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Climbing the Crafting Ladder

Author: Damien Justus
by Damien Justus
Posted: Apr 06, 2018
crafting living

Crafting for a living is something that most crafters strive to accomplish, but climbing the crafting ladder is a different experience for every artisan. The ladder rungs can get a little wobbly over time yet can tighten and gain strength at different intervals, brought on by bursts of creativity and upswings in niche market demands. Seriously, crafting for a living takes more than just having a great idea and they know how to follow through and perfect a project. So, what does it take to craft for a living?

Find a Market or Selling Venue

First things first, and that means finding somewhere to sell your wares, whether it's through online venues like Etsy, Artfire, eBay and others, or by establishing your own website and storefront.

Craft fairs, craft malls, art festivals, and neighborhood or church craft events are also good places to get a foot in the door. Family and friends can be helpful as well with craft exchange parties and support through word of mouth. Consignment shops that sell housewares and decorative items are also good places to approach. You never know, a local decorator or designer consulting firm may be interested in using your whimsical craft items found in out of the way boutiques and small gift shops.

Know the Business Angle

If you want a craft business to grow, whether on or offline, and make a living from it, knowing and understanding the business side of it is important. Here are a few steps in the right direction and a simple breakdown of what is necessary to succeed.

These days the crafting barrage has become a worldwide industry, so developing a varied inventory, or one fast selling item that can be made repeatedly, are the keys to beating the competition. Some other high points of what a crafting business should entail include:

Determining Trends You have to determine what is selling and research will help you discover current market trends. It is important to know about the latest craft market crazes along with what more traditional types of items continue to have a stable footing in the marketplace. If your particular craft does not fit within those parameters, you may want to rethink or modify what you are making to meet market demands yet still maintain your basic design and individuality.

When you understand the trends, decide on a company name and put together an inventory of what you do best first, or find one specific item that creates repeat sales. Signature type crafting and licensing a craft with a specific look in mind are other channels for craft development.

Renewing and reinventing what is old, or re-purposing are other niches that would pique the interest of people that are into sustainability and the green scene. One example is the use of weathered wood or scrap metal from old barns and buildings and turning them into architectural pieces for wall decor.

Professionalism is another "have to" in business relations, like dealing one-on-one with customers, whether they are pleased or dissatisfied. Customer satisfaction, and appreciation of them, as well as a friendly attitude, are your goals, as any customer is a lifeline to future business and business growth.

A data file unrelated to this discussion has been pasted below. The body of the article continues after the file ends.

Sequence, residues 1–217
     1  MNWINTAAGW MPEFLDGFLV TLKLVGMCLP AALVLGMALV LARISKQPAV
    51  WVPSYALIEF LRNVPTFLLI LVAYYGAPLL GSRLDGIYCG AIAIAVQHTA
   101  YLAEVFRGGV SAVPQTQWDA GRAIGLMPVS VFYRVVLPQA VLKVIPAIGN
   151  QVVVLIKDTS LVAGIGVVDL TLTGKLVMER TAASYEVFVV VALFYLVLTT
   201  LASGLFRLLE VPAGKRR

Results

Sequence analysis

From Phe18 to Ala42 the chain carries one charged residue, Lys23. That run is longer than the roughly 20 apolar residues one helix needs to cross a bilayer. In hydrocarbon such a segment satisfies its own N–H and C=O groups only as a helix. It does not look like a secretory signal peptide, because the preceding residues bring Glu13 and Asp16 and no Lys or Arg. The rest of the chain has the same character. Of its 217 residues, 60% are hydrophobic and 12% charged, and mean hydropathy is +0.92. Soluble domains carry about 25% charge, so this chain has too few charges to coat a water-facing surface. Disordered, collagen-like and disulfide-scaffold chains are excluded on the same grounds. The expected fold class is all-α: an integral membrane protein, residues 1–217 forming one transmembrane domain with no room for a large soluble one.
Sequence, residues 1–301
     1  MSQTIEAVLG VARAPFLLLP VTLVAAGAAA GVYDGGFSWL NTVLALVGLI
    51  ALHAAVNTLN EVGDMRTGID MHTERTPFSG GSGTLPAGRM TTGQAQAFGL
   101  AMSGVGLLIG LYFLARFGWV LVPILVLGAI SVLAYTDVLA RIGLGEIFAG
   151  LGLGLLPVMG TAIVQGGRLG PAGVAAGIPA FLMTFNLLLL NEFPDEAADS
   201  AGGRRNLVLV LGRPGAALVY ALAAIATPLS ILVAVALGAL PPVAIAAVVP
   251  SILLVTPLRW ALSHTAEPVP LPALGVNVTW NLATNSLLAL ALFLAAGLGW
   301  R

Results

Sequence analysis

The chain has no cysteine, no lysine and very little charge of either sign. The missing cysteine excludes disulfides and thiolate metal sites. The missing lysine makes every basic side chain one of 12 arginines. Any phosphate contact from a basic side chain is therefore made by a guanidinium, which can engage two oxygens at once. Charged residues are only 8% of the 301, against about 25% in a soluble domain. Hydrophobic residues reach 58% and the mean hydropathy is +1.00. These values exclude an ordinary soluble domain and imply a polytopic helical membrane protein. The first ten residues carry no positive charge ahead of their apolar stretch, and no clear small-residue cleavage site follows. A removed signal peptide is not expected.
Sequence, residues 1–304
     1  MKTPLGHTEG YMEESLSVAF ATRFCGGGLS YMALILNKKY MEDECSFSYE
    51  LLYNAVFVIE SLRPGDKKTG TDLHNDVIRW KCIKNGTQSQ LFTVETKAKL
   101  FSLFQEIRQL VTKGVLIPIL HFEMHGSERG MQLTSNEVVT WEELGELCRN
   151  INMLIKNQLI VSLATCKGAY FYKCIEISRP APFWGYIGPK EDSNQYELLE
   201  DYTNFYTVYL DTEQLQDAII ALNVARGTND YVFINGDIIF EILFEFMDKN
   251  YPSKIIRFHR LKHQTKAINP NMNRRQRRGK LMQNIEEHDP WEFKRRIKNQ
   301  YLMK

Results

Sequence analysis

Distinct pictures If you have an online site or are promoting your business through brochures, pamphlets or one-page handouts, make sure any pictures of your crafts are as close to professionally done as possible. Photos are what gain a customer's attention and create sales for you.

Pricing The bottom line is don't undercut what your crafts are worth as well as the amount of labor that has gone into them. Find a pricing system that helps you make an above livable wage and stick to it.

Website/Blog With increased business in mind, every crafter should have a separate website and blog that is independent of any other selling site. A website and blog can help you personally promote your work and sell directly to interested buyers.

Sideline Work

If you are developing and growing a small craft business, online or outside of your home, you know that there are going to be lean times, which usually means finding part-time work. If you work on your crafts from home, oftentimes taking on a side job is a necessity, such as online writing, or learning how to become a lipsense distributor, or baking specialty cakes, or soliciting calls or email inquiries for a fresh food delivery company. The security of a second job can help with the replenishing of craft supplies, plus pay a few bills, so it never hurts to have a sideline job in reserve.

Never Give Up

If you love crafting that much and want to do it for a living, you will find a way to accomplish your dream, whether it means working another side job, improving upon what you already know, taking on other projects, and perfecting your craft through years of practice. One such artisan knows that practice and patience are the keys to success, and he emphasizes that in his blog.]

Crafting for a living is the dream of many, and each and every crafter that wants to go into business for themselves soon becomes aware of the challenges that they face, but with determination and a firm grip on their talent, abilities and business sense they know they can make it to the top of the crafting ladder.

About the Author

Damien Justus writes in the business, home improvement and real estate spaces, and is very passionate about health, cooking, diet plans and anything that has to do with staying fit.

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Author: Damien Justus

Damien Justus

United States

Member since: Nov 07, 2017
Published articles: 40

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